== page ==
Jordanians partake of a special heritage: From our soil, the Levant, faith in one God, the united belief of Judaism, Christianity and Islam took root and spread across the world. I believe that what is taking root in the Middle East today can also impact the world. If we succeed, and success will require all of us, this may be a century in which billions more people have access to the world's promise.

Professor,
Friends,

No discussion of the future of the Middle East can be complete without addressing the prospects for Iraq. Here as well it is urgent that the friends of freedom win the peace. That means more than replacing the old failed structure. There must be sustainable security, security in which Iraqis are able to resolve their own problems peacefully. It is not a question of how fast an election is held, but how well the governing institutions are built. It is the substance, not the pace of change that will ultimately define success.

As Iraq's neighbours, we bear a specific responsibility: to do all that is in our capability, to help the men and women of Iraq achieve the foundations for self-determination. This is the path to a free and prospering future, one that can benefit Iraqis and help opportunity flourish across the region. It is the path to Iraq's historic place: a great country, of knowledge and opportunities, within the family of Arab and Middle Eastern nations.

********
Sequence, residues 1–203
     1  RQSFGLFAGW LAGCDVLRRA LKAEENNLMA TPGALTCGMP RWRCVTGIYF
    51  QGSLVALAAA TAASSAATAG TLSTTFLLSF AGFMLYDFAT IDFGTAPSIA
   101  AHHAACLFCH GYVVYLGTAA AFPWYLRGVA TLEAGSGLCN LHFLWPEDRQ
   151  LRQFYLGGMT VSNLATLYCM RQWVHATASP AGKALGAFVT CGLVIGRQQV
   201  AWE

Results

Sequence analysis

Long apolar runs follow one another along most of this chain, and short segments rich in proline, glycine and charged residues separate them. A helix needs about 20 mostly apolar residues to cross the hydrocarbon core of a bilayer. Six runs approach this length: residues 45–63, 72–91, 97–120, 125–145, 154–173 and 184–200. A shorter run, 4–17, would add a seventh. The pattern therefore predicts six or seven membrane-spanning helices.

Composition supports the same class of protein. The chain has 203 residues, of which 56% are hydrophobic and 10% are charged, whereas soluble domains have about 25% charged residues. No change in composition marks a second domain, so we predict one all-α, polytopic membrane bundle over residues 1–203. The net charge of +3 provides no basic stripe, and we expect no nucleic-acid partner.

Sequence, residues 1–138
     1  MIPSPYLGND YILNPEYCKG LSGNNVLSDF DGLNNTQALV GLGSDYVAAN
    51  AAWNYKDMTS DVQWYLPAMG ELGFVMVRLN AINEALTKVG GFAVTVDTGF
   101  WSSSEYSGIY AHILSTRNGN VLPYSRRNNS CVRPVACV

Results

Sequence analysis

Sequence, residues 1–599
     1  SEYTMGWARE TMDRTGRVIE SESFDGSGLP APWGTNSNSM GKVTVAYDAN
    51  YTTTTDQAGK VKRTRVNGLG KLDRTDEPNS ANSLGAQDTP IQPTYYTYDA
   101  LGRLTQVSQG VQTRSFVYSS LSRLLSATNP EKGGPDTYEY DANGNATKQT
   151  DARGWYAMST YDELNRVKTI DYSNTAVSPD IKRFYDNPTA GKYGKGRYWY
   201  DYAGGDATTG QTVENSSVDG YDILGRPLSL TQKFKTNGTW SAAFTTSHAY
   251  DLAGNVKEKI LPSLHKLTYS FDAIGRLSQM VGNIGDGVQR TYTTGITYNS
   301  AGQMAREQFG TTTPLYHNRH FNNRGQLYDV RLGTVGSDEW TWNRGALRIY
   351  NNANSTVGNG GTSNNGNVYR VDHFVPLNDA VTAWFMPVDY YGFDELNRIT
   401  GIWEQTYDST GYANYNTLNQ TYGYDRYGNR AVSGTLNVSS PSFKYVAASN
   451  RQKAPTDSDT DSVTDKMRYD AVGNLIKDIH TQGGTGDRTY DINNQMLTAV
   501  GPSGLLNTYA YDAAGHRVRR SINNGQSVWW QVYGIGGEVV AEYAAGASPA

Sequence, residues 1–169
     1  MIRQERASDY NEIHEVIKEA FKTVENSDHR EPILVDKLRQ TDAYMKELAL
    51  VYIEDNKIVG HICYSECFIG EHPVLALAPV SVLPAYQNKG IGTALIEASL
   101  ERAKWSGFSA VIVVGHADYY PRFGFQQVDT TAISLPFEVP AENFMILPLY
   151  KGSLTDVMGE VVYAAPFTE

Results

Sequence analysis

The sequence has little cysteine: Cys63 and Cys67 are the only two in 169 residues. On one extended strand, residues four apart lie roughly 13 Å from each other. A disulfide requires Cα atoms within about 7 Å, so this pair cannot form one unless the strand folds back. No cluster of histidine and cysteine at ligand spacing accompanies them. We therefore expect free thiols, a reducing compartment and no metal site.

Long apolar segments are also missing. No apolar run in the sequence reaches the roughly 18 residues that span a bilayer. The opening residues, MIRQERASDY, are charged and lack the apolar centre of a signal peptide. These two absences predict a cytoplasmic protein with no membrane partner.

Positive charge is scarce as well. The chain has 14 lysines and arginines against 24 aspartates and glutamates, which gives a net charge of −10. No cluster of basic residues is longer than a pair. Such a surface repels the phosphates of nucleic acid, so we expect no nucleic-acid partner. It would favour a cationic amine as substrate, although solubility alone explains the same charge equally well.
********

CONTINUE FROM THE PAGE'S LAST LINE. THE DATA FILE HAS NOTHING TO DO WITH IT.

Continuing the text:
My friends,

We are now well on our way into a new century. It was entered, in the words of UN Secretary General Kofi Annan, “Through a gate of fire.” Ahead lies the promise of freedom, human rights, global justice and development – if we make the right decisions now.

Those who believe in peace must stand together. To you, I say: you can count on Jordan. As we fight against terror, we are also working to deliver on something better, the promise of moderation, freedom and reform. We are working for new hope, hope for a future of prosperity and peace. As that future takes root and flourishes in my region, it will spread its benefits throughout the world.

In a recent speech, US Secretary of State Colin Powell said, “We fight terrorism because we must, but we seek a better world because we can”. And I am sure that you all agree, for the aspirations of men and women across the world are much the same, and so should their opportunities be. We must now deliver on that promise, and work together to face the risks and the new dangers.

Jordan is reaching out to you on this agenda. We want your support, but we also want to support you in the march towards our common goals. For what we are facing, is indeed, a shared destiny but more importantly, a shared commitment for freedom, security and peace.

Thank you very much.